Having observed the changes in consumption patterns, devices and access methods, the question arises around what the distribution mechanism will be for the future. Over the last decade, I have been advocating and demonstrating that the distribution of television (also radio) is a mixture of DTT (or ATV), DTH, cable TV (CATV), over-the-top (OTT) and Internet Protocol-based TV (IPTV).

Except for OTT, other services are quality-assured TV services. OTT does not assure quality as it operates on the principle of “Best Effort” and the network (the Internet).

As discussed earlier, the BBC will reportedly shut down its DTT transmission in 2030 to move to an all-OTT distribution. BBC had already switched the BBC Three terrestrial channel to OTT pre-pandemic but had to revert back during the pandemic period as they could not reach its audience adequately.

With most of the broadcast revenue coming from OTA ads, what the BBC is doing is a huge aspiration in the broadcast space. This is especially true for a public service media (PSM) organisation that does not have advertisements to subsidise the Content Distribution Network (CDN) traffic and receives government subsidies. 

Based on ITU reports, the rapid advancement of technology and ageing population are two mega trends noted globally. Many advanced and developed countries have ageing societies, including the UK, New Zealand, Japan, and several APAC countries. As we approach 2030 and with the acceleration of digitalisation, a lower number of people will want a DTT reception. However, if we switch off DTT, older, poorer, and marginalised populations may suffer as the average audience age increases.

During the recent WorldDAB Summit 2022 that took place in London, the UK invited all terrestrial broadcast stakeholders to work towards protecting OTA terrestrial services. With ageing and marginalised populations needing access to information without any barrier or gatekeeper, some terrestrial services that were switched off in the last two years have been reinstated.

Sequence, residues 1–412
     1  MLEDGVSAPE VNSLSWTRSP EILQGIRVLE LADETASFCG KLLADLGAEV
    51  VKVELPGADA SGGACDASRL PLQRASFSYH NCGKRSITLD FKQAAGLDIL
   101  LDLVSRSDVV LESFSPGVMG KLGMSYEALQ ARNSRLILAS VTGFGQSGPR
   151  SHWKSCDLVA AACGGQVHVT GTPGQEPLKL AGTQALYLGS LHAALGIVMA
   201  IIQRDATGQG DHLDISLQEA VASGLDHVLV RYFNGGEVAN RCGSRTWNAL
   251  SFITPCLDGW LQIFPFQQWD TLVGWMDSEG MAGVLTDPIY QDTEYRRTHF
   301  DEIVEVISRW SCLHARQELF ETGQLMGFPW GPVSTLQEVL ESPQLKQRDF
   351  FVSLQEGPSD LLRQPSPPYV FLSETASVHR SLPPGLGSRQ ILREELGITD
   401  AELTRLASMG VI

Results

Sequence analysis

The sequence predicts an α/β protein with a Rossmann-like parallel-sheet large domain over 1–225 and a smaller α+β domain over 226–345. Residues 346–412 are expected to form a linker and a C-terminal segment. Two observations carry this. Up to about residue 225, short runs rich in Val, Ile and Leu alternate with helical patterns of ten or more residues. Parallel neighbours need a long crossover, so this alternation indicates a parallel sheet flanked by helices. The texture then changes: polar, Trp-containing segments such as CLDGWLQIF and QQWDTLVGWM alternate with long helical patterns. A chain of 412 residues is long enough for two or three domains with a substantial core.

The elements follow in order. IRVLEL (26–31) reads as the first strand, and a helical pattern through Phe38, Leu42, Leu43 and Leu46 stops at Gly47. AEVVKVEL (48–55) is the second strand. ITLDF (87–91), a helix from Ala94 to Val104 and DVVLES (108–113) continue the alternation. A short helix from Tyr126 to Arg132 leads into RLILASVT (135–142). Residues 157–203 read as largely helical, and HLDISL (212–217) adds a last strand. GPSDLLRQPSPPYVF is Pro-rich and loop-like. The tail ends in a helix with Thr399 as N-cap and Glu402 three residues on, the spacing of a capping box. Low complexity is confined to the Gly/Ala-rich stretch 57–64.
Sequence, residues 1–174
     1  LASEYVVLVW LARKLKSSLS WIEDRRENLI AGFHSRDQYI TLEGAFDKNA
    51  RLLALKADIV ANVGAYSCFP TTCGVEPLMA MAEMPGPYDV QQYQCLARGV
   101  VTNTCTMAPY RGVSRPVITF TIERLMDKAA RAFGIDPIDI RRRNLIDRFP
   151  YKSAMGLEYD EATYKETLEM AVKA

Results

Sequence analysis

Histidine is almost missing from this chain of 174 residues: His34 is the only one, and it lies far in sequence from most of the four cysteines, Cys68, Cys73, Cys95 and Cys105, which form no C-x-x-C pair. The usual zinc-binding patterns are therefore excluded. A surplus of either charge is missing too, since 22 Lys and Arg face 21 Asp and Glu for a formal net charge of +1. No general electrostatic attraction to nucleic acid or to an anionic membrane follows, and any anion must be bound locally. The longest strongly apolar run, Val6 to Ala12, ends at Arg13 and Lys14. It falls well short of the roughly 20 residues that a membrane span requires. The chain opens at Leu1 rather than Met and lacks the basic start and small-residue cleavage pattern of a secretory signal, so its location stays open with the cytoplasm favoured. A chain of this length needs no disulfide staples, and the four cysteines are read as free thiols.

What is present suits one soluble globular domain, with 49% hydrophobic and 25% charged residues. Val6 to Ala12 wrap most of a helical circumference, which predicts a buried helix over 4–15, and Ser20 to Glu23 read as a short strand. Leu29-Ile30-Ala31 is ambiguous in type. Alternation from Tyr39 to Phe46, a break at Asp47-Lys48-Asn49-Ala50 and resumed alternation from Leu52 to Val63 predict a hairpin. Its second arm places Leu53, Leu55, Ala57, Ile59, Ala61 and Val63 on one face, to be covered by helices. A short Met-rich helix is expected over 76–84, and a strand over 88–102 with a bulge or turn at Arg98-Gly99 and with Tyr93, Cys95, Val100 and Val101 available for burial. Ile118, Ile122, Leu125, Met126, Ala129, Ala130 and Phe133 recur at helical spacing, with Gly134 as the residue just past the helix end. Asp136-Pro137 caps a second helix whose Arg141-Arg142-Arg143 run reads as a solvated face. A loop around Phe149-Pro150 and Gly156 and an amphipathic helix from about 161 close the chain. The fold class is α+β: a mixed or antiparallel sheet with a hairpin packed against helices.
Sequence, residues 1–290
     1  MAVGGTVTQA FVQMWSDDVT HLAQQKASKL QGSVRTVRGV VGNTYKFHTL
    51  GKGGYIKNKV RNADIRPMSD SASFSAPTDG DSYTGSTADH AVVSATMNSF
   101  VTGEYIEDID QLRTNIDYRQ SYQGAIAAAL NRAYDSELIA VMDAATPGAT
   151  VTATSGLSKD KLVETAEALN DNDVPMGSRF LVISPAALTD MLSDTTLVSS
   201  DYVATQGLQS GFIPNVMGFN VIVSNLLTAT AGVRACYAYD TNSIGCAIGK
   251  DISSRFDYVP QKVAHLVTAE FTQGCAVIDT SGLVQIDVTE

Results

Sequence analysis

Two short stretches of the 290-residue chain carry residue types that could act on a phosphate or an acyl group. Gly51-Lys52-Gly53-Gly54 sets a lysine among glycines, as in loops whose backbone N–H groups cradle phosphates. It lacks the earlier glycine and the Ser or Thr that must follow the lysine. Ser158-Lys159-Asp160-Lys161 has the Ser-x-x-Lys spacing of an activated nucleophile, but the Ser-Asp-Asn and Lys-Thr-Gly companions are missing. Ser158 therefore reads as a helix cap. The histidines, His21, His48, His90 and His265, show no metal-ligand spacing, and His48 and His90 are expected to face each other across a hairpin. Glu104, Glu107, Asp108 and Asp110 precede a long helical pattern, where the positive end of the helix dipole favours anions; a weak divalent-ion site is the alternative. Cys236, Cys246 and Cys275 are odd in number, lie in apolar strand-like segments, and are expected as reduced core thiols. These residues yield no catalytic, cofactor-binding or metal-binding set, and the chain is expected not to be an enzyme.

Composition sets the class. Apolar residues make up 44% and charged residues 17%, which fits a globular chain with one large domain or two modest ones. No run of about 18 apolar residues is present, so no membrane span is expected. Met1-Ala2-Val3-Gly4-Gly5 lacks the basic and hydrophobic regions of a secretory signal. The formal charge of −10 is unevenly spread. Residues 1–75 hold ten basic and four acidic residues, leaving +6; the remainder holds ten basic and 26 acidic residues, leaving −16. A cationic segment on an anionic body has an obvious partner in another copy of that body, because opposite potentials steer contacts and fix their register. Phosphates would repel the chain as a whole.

Can countries and their governments formulate policies to switch off DTT while assuring there is no digital divide? As spectrum prices come down, can there be substantial dividends to build infrastructure and support systems to have online-only distribution?

These are some of the questions the M&B industry should find answers to. I may offer you a response during the Asia-Media Summit AMS-2023 of AIBD to be held in Bali in May 2023, hosted by the TVRI, a public service television broadcaster in Indonesia, which has been planning the analogue TV terrestrial broadcasting service switch-off with its DTT network now in place. 

Next month I will discuss spectrum requirements and issues for radio and television broadcasting by analysing APAC broadband reach and readiness for online-only distribution, while meeting universal access for inclusiveness and accessibility with an acceptable level of QoE and quality of service.  For now, this is my question to you:  Having heard what the BBC has planned, what policies will you, your country, or global broadcasters in general formulate to switch off DTT in the near future?

Dr Amal Punchihewa is an ITU expert and advisor/consultant to the Asia-Pacific Institute for Broadcasting Development (AIBD), and was formerly Director of Technology and Innovation at the Asia-Pacific Broadcasting Union (ABU). The article above is his second of a new monthly column for APB+.